What is Working Memory?

When most people think of memory, they often describe it as a person’s ability to remember things or information. However, experts have actually broken down the concept of memory into two categories: long-term and short-term. Long-term memory is the ability to recall information or events that happened in the past, while short-term memory is involved in the ability to learn.

One type of short-term memory, known as “working memory,” is the immediate ability to hold and manipulate information in the mind for everyday tasks. Working memory is necessary for things like remembering instructions, reading comprehension, carrying on conversations, and solving math problems.

In the past, it was thought that working memory capacity was fixed, but recent research has consistently shown that working memory can actually be trained and improved. This means that a poor working memory is not something that anyone has to accept as a permanent part of themselves.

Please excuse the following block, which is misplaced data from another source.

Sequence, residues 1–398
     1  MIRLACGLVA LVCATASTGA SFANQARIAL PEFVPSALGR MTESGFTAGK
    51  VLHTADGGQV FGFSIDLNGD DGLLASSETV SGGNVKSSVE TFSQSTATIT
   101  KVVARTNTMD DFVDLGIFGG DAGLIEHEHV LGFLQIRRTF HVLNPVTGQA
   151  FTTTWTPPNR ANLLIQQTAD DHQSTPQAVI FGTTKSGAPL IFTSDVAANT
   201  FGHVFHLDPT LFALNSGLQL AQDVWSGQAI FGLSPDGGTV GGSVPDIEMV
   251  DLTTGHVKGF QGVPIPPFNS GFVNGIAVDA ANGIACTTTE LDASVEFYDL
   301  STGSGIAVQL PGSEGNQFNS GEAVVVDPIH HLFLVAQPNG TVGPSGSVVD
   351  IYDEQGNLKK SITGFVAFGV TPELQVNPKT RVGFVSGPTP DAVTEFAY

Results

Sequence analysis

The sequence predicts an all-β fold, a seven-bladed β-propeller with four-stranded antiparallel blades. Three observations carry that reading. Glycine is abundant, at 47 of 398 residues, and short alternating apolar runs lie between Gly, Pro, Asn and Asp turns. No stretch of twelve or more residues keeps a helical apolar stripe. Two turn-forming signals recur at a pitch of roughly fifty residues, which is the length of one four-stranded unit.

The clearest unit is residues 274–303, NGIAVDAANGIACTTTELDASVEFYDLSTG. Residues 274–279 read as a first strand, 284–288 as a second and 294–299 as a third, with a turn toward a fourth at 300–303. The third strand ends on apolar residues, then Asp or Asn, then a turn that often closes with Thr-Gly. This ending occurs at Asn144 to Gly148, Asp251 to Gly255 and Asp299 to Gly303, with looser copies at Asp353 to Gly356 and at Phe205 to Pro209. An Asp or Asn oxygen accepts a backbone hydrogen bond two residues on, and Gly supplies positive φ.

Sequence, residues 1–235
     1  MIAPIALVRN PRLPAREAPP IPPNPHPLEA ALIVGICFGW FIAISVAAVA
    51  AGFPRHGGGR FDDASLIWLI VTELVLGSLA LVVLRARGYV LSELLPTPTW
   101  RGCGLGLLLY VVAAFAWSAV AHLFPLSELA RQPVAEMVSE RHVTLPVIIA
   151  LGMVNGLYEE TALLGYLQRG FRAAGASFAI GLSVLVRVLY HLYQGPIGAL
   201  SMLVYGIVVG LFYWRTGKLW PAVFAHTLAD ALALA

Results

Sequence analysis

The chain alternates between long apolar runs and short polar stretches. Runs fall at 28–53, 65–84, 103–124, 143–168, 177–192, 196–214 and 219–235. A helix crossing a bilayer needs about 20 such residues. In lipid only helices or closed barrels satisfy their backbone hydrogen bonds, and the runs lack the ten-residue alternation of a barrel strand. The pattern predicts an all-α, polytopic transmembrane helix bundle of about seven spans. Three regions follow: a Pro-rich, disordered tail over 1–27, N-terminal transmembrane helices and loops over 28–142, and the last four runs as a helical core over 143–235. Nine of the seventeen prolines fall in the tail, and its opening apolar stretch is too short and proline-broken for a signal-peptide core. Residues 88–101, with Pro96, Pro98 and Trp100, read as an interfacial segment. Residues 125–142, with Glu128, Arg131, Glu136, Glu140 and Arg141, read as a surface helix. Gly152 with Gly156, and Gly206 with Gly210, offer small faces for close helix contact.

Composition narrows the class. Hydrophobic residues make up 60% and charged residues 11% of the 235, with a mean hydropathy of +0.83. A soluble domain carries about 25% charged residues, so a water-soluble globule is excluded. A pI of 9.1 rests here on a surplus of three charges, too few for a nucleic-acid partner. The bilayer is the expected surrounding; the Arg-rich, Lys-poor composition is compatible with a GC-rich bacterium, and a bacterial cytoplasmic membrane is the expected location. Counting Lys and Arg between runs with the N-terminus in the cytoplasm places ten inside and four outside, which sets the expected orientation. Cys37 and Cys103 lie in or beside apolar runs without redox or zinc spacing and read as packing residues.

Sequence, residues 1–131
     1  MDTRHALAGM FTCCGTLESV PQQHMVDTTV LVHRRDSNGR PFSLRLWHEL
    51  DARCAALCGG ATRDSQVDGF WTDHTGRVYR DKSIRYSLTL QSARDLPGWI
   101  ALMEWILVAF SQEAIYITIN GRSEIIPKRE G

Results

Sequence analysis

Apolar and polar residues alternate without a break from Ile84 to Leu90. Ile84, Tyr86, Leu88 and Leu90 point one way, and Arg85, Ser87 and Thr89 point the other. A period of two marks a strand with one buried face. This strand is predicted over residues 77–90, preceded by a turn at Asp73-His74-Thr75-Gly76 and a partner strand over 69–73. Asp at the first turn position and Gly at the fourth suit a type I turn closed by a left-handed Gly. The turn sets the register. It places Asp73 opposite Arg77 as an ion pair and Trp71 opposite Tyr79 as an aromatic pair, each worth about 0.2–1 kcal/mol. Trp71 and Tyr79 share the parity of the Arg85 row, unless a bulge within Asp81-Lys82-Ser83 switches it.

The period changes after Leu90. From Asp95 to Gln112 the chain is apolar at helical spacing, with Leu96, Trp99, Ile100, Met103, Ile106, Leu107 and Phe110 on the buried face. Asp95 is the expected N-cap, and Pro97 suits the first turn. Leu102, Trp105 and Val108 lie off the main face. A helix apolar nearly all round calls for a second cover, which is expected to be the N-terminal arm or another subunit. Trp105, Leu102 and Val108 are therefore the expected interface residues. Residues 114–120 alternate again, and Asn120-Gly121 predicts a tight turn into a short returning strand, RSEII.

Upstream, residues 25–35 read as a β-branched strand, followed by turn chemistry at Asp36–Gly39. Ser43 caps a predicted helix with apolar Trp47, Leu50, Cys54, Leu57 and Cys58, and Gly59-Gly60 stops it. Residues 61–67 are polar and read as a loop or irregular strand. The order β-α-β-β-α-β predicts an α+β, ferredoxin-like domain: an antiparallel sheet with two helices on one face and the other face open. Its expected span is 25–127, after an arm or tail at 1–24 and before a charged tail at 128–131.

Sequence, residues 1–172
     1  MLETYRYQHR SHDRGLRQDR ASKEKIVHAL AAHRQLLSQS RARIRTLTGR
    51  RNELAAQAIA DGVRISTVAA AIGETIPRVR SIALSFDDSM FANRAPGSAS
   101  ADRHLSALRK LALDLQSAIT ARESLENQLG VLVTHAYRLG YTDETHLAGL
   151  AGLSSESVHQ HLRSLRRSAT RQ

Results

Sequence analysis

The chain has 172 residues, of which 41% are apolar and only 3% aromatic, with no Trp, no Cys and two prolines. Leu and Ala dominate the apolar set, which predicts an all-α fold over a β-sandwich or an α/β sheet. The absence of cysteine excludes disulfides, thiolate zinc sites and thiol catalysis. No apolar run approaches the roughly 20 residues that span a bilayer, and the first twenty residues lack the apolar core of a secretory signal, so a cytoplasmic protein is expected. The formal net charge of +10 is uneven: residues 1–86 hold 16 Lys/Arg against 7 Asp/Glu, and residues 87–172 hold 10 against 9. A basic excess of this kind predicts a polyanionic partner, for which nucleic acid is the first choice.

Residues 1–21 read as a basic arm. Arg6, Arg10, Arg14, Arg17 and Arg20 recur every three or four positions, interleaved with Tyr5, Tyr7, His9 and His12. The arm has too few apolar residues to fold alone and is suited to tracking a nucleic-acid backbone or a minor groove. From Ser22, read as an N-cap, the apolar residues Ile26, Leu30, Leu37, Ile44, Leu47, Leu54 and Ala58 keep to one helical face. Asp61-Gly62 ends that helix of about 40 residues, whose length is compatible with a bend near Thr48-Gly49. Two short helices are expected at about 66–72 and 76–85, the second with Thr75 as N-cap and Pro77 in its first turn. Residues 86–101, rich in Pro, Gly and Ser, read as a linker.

Impairments in working memory have been observed in individuals with Attention Deficit Hyperactivity Disorder (ADHD), brain injury patients, and other conditions that can lead to difficulties with concentration and learning. It is important to educate these individuals on the truth about working memory and how it can be improved with the right intervention. Sharing this information can help to combat feelings of self-doubt and helplessness that may develop in people with working memory impairments. So, working memory is an essential aspect of our cognitive function and its improvement can lead to better learning and overall functioning.

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